Robert 'Mouseman' Thompson Arts & Crafts Yorkshire School English Oak Refectory Table c. 1970

SKU0020301

Features

An Arts & Crafts Yorkshire School English oak refectory table by Robert 'Mouseman' Thompson made in c. 1970, with a four plank adzed top on octagonal legs, joined by an adzed stretcher. Made with traditional blind tenons secured with hand made pegs

Comment

A large attractive dining table from the premier Yorkshire School maker

Size

Approximate dimensions:
  • overall height 74 cm (2 feet 5 inches)
  • overall depth 86 cm (2 feet 9 and three quarters inches)
  • overall width 198 cm (6 feet 6 inches)
If you need a very exact dimension, or one we haven't included, feel free to contact us and we will measure it for you

Date

c. 1970

Identification

Signature carved mouse on the leg

About Robert 'Mouseman' Thompson

Robert 'Mouseman' Thompson (1876 to 1955): One of the most famous British furniture makers, who was part of the 1920s revival of craftsmanship, inspired by the Arts and Crafts movement renowned for his pieces featuring a carved mouse and adzed surfaces. His pieces are always simple, solid, instantly recognisable and beautifully made out of fine materials. They are highly sought after

About English Oak

English Oak: The most British of woods, that can produce really special results. English oak has been used for hundreds of years to construct everything from sea-going vessels to fine furniture. Although oak grows widely across Europe and North America, craftsmen continue to cherish English oak which grows more slowly than its foreign counterparts giving it strength, durability. Quarter sawn boards are very straight grained and have distinctive growth rings and medullary rays that give a very beautiful effect as well as being renowned for their superior stability and strength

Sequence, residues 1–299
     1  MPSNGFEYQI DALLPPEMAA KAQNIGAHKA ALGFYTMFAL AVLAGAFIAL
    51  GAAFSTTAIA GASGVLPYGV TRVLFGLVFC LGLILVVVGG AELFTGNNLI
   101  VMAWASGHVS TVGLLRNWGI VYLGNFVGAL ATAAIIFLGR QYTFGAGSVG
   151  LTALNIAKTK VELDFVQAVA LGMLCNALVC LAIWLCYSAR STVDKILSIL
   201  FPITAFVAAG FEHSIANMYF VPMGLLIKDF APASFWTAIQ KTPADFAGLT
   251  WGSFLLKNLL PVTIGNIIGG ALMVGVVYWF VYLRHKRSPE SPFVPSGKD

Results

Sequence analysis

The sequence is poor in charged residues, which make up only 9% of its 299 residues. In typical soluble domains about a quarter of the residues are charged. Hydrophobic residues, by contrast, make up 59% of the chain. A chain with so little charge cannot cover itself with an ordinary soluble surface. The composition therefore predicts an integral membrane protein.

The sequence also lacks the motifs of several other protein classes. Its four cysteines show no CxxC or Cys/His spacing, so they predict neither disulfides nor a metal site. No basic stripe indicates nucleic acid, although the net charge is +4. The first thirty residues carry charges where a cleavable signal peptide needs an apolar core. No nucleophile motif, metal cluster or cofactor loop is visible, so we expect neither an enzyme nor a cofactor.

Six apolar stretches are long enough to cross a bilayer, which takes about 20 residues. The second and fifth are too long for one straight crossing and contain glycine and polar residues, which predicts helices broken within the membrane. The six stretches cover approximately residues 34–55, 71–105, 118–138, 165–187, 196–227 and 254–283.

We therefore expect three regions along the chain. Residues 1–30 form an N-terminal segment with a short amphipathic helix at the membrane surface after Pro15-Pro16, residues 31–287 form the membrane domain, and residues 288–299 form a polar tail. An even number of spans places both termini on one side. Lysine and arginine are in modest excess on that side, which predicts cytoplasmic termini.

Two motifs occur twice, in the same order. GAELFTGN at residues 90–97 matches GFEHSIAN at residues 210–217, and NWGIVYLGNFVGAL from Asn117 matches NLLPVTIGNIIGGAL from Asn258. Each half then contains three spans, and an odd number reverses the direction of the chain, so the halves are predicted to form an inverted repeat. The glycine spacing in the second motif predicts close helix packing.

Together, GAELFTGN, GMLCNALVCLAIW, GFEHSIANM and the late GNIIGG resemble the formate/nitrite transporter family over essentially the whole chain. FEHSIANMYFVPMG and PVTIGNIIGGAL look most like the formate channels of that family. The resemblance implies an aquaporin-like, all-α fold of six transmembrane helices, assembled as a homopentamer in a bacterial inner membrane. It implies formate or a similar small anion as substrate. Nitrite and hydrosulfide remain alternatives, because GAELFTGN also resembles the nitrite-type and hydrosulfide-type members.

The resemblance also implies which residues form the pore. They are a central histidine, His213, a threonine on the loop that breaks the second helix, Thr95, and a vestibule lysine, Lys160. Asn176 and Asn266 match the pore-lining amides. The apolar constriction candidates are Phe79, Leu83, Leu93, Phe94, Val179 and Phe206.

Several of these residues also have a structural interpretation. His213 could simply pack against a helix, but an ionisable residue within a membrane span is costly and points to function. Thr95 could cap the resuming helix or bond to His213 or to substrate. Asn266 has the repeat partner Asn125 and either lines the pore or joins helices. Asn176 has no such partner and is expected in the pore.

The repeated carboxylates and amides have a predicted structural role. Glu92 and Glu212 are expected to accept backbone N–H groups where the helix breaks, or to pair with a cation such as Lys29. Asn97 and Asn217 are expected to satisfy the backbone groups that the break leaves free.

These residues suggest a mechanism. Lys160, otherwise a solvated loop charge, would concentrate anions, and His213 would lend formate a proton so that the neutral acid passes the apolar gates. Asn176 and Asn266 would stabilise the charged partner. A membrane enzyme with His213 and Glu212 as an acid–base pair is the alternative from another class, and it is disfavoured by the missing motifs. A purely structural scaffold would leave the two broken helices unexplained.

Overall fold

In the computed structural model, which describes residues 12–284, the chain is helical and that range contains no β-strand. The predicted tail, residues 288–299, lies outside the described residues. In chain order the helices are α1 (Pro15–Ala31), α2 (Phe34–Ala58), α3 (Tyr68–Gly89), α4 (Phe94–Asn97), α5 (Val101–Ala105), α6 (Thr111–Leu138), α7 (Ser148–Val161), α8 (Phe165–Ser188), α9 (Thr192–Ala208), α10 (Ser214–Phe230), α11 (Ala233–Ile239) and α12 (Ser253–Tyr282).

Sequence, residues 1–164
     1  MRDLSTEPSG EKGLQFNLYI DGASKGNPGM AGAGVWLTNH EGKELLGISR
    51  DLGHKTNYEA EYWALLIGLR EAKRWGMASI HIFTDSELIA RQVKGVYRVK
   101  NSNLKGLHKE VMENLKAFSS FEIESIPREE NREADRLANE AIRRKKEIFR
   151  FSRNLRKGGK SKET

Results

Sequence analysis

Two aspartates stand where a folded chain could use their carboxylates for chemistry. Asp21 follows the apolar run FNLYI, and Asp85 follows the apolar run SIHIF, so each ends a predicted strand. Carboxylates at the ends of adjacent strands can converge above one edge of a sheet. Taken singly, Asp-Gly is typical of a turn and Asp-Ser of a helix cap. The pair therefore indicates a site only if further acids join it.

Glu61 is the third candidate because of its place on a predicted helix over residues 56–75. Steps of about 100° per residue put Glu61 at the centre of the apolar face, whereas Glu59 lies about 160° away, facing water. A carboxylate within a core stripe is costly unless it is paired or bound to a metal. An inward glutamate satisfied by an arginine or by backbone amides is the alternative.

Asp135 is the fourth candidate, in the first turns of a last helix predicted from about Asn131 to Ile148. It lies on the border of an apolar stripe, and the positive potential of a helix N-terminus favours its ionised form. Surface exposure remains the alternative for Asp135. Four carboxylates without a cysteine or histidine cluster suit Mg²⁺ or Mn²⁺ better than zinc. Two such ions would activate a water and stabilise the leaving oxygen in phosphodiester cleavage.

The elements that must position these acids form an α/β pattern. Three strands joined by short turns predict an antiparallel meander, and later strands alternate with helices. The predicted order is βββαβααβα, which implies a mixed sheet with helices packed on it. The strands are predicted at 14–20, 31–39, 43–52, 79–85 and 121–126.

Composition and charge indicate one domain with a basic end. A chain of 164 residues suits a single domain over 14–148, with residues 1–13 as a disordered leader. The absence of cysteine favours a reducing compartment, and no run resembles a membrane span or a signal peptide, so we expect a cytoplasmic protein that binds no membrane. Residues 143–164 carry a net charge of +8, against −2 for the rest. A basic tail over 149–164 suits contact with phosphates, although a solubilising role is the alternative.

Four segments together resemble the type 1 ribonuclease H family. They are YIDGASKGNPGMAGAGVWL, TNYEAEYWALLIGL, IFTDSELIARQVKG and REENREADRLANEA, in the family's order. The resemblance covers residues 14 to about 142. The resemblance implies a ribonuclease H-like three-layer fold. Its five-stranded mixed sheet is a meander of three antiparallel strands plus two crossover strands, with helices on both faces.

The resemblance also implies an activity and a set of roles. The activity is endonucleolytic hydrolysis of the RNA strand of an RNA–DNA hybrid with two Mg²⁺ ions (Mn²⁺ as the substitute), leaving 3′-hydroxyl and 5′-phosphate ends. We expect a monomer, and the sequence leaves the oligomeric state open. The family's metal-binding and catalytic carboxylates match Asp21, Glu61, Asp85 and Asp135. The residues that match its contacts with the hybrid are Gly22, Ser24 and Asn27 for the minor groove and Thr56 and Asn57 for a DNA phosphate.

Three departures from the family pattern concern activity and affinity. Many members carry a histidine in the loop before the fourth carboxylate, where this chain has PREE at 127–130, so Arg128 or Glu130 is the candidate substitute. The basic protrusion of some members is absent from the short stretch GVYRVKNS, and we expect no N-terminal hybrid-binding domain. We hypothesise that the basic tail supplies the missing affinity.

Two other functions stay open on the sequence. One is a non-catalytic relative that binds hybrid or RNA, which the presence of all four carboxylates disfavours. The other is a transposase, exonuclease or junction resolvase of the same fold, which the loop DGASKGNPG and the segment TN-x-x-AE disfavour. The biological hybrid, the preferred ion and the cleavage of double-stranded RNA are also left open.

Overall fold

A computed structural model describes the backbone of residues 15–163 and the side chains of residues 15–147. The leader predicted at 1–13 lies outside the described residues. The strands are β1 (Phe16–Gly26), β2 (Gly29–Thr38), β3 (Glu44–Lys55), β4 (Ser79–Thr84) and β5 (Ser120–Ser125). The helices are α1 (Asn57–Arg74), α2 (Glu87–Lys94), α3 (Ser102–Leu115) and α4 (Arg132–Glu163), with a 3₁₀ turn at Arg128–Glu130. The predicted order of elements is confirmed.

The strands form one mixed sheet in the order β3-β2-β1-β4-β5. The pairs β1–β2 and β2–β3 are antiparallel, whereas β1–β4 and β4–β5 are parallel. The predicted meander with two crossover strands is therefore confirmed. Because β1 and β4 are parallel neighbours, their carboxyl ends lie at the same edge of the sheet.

About Arts & Crafts Yorkshire School

The Yorkshire School of the Arts & Crafts movement started with Robert 'Mouseman' Thompson'såÊ transformation from jobbing carpenter to master craftsmen. By the mid-1920s he had adopted his famous trademark and had his own workshop busily employing several men. The workshop grew and over the years many of the craftsmen have taken their skills and branched out. Most have adopted a trademark of their own, a fox, a lizard, a fish, a rabbit to name but a few, and whilst some have slavishly stuck to the Mouseman designs others have taken the style and adapted it. Other craftsmen, unconnected to the Mouseman workshop, have also chosen the classic Yorkshire Oak style as their own.Typical Yorkshire school items are in English Oak, with traditional pegged joints and adzed surfaces

Condition

and slight warping of the top. If you wish to have further specific photographs or talk to us for a more detailed condition report then please do not hesitate to contact us


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